Stocks discussed on the in-depth session of Jim Cramer's Mad Money TV Program, Tuesday January 25.
Jarden (JAH) is all about "brands, brands, brands." The company is a total pastiche of housewares, appliances and accessories. The company pre-announced better than expected revenues and is up 80 cents. The stock sells at only 10.6 times earnings and has a 10.4% long-term growth rate. The stock is cheap because analysts were concerned they were going to have to cut estimates, but now that worry is off the table. Jarden is up 30% since Cramer got behind it in November 2009, and while it is just one point off its 52-week high, it is still worth buying. The company breathes life into old brands and develops new names. Since its brands have significant name recognition, customers are willing to pay up for them and retailers stock their products. The bears have three concerns about the company: rising input costs, the fact that it is a mature, slower-growth business and the fact that the company derives 20% of its sales from Wal-Mart (WMT).
Martin Franklin discussed his shift in roles from CEO to Executive Chairman. The change of position keeps the company "fresh...Jarden is my baby...it was a $250 million business and now it is $6.3 billion and we are going to keep growing."
Concerning the company's philosophy of reviving brands, Franklin said, "There is no such thing as a tired brand. There are tired brand managers." One statistic Franklin is proud of is that organic growth in revenue is now larger than sales were when he first took the helm. He says Jarden keeps raw costs under control with pricing strategies, depending on the item and says gross margins are up. While Jarden has some production in Asia, the company strives to keep as much business as it can in North America to aid job growth. Concerning the relationship with its retailers, Franklin said "if you have a product that comes off the shelves that is a different case than if it is just sitting there...you have to earn your price point...this is an ongoing discussion we have with every retailer." The key is to keep costs under control and offer a value proposition.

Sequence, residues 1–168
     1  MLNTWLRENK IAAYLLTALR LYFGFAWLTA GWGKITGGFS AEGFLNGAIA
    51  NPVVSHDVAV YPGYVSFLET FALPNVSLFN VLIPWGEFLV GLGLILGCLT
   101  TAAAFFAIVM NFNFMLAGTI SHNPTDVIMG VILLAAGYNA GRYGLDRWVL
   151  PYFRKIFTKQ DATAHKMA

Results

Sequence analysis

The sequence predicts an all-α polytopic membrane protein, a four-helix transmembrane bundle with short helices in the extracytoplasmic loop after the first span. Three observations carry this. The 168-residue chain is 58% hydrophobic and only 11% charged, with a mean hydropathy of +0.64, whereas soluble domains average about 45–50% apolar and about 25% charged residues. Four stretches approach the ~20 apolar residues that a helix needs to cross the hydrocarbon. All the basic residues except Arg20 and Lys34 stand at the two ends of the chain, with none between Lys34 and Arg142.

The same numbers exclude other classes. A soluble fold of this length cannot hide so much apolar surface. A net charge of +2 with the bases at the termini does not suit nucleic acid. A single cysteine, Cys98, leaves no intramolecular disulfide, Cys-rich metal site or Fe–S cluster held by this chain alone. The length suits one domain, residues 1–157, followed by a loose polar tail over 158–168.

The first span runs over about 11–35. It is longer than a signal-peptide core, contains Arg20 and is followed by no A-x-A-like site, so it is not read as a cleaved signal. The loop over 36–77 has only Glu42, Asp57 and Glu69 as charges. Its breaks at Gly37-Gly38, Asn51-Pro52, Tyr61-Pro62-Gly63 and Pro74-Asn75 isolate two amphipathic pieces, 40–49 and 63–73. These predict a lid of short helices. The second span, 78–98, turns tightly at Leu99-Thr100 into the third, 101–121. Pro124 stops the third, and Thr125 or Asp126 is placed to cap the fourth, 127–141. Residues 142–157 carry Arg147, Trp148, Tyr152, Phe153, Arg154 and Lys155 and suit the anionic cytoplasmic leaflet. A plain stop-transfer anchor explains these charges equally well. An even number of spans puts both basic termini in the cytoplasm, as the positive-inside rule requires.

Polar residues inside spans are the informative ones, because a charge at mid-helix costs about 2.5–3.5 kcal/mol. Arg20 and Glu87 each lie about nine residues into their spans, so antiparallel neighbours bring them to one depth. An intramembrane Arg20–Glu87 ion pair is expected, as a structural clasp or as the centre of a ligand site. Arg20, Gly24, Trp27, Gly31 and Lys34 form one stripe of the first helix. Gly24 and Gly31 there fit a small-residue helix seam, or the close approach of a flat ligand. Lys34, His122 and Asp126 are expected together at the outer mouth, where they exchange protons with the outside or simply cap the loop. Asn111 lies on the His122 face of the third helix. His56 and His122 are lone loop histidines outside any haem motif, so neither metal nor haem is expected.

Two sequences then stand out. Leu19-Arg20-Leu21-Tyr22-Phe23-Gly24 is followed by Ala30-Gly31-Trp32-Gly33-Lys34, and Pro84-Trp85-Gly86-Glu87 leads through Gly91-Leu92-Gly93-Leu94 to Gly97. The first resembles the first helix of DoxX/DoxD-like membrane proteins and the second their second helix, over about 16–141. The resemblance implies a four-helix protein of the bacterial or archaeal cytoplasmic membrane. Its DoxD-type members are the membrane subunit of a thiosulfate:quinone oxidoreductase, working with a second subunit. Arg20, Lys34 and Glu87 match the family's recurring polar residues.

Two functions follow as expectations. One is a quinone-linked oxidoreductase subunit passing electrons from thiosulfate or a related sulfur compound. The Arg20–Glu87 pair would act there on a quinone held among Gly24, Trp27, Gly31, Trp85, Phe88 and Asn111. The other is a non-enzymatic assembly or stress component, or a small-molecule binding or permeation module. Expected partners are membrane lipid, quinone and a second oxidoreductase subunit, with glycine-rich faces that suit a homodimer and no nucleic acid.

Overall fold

"Behold the power of low expectations!" Cramer declared. The Street wasn't expecting very much from Kimberly-Clark (KMB) after analysts cut numbers and lowered estimates last quarter. All Kimberly-Clark had to do was to meet numbers and address some of its problems. Instead, KMB beat estimates by 5 cents and gave in-line guidance. The company discussed a pulp and tissue restructuring program, a dividend boost and a stock buyback. "Kimberly-Clark is still not out of the water, but it did what it needed to do to stay in the game." The stock rallied to close up $1.34 by the end of the day.
Cramer's discussion with NRG Energy (NRG) CEO David Crane inspired him to go in search of a pure play (or close to it) on car batteries. NRG is building 50 charging stations for electric cars, but it will take a while before electric cars make up a large percentage of the company's revenues.
Looking at the car battery itself, Cramer notices AeroVironment (AVAV) was written on it, and indeed the company produces car batteries, but currently this business is only a tiny 4% of this defense contractor's revenues. A123 Systems (AONE) is more levered to car batteries, but this highly speculative stock under $10 is a poor performer.